Plant of the month: Ground Elder
As you may know, we have a Roman archaeological site at Woodgate, the excavation of which begins this summer. These ancient invaders, of course, gave Britain many wonderful things: central heating, sewage systems, and half our language. But they also gave us ground elder, a particular gift that I’m beginning to take personally.
The ground elder – Aegopodium podagraria – is a perennial plant of the same family as hogweed and cow parsley. But while these plants put down a long tap root, the ground elder creeps via underground stems, or rhizomes. These rhizomes spread vigorously and the white umbels of flower will also produce seed to colonise new areas. But worse than all this, the rhizomes, if disturbed, are designed to break into sections, each one of which, be it ever-so tiny, can grow into a new plant.
The usual advice, for those not keen on using chemicals, is to dig out every fragment of root and then wait for all the bits you didn’t get to re-grow, and then dig these out again. I’m doing this in open areas and I think the war can be won, eventually. But in the dry shade under mature trees and shrubs, with the rhizomes ducking and weaving around other root networks, well, the task is frankly impossible. And, of course, the plant will then use this stronghold, where I can’t even install a root barrier, to re-colonise cleared areas should my vigilance fail.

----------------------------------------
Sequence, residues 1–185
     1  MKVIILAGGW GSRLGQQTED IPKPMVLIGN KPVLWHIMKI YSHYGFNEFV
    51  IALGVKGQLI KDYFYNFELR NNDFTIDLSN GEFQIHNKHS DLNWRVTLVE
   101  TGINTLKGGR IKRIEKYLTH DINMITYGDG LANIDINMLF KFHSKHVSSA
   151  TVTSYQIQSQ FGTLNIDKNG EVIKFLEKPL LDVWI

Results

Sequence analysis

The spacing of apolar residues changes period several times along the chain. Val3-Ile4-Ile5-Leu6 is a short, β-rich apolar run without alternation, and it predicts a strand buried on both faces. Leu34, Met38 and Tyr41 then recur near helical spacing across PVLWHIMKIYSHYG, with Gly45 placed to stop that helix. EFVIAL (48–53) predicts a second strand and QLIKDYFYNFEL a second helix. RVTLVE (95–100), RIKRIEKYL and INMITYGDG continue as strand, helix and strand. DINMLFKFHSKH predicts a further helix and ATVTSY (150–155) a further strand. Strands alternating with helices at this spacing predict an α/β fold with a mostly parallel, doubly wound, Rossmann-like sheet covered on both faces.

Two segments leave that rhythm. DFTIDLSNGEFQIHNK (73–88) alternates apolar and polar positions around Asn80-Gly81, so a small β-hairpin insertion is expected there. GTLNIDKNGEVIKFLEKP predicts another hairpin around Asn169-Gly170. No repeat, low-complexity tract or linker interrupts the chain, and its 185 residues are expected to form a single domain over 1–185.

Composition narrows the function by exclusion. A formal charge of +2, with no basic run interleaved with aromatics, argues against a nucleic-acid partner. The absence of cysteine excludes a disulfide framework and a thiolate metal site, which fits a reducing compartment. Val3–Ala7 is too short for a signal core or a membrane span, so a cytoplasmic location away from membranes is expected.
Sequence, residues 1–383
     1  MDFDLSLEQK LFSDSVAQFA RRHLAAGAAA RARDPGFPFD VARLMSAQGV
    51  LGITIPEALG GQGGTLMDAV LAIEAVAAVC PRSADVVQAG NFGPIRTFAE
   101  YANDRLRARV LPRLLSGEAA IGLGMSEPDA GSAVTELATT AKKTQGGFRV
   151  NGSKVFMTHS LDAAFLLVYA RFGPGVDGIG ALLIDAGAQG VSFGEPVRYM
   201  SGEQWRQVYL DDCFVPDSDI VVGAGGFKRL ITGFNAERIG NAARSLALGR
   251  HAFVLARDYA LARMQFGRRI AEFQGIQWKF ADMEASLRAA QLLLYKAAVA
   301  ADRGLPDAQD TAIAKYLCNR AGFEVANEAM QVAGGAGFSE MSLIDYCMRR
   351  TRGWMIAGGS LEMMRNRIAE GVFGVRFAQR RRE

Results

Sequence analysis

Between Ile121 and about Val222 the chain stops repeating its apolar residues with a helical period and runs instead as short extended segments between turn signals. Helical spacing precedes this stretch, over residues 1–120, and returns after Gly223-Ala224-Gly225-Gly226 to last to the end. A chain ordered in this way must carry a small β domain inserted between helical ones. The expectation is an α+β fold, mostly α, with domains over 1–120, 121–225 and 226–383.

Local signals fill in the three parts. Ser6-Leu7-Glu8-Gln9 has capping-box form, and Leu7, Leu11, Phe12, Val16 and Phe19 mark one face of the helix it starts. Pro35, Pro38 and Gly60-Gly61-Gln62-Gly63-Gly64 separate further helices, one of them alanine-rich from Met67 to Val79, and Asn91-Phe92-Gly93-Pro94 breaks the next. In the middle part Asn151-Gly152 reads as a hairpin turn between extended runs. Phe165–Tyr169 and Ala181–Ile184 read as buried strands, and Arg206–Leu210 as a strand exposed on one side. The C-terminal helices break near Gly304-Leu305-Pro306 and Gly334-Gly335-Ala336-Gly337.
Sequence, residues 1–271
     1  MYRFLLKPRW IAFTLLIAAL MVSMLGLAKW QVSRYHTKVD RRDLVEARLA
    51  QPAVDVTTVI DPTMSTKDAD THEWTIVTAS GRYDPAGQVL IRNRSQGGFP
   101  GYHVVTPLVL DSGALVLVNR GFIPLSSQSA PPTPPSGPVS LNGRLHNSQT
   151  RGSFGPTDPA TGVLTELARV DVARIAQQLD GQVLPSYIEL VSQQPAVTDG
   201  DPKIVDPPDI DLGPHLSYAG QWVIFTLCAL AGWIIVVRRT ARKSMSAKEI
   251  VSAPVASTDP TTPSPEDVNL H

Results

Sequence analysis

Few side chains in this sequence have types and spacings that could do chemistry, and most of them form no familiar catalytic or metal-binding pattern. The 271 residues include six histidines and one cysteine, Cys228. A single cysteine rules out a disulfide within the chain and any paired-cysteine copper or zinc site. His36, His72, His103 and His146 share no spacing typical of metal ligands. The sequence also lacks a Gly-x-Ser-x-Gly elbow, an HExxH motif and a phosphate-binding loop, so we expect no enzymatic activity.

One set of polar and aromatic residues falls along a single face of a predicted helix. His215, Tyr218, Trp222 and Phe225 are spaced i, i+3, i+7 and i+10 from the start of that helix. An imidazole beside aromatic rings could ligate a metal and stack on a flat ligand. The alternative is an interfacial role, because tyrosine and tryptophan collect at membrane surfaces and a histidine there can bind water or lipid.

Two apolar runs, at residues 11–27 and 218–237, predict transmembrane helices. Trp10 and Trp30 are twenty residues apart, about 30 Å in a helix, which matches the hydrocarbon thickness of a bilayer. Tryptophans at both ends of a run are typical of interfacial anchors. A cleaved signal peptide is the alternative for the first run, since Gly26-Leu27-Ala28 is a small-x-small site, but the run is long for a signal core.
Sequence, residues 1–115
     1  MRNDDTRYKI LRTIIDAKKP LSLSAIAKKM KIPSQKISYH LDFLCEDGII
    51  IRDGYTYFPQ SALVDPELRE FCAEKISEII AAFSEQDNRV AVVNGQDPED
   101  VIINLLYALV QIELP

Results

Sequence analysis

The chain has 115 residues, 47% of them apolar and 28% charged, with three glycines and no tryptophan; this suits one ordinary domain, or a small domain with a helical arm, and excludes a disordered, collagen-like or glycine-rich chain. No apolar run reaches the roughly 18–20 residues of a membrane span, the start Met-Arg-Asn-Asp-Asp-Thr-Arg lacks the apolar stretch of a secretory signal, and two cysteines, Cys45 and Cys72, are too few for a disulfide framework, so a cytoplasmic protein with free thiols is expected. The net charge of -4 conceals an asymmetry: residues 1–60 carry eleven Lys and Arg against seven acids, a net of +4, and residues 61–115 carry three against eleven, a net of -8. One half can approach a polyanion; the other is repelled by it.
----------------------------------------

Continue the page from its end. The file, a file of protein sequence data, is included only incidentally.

Notice all the military vocabulary. I hate fighting nature. It is soul destroying and, ultimately, futile. I want to learn to live with ground elder, but it is a hard plant to love while those rhizomes are threading themselves through the root-systems of other perennials, out competing and overtopping them. Unless I develop gout, which it is reputedly a cure for, this thug will never a get my welcome. Perhaps I should unleash some of thugs of my own – symphytum perhaps, or wild garlic, and see who wins.
My money’s still on the ground elder.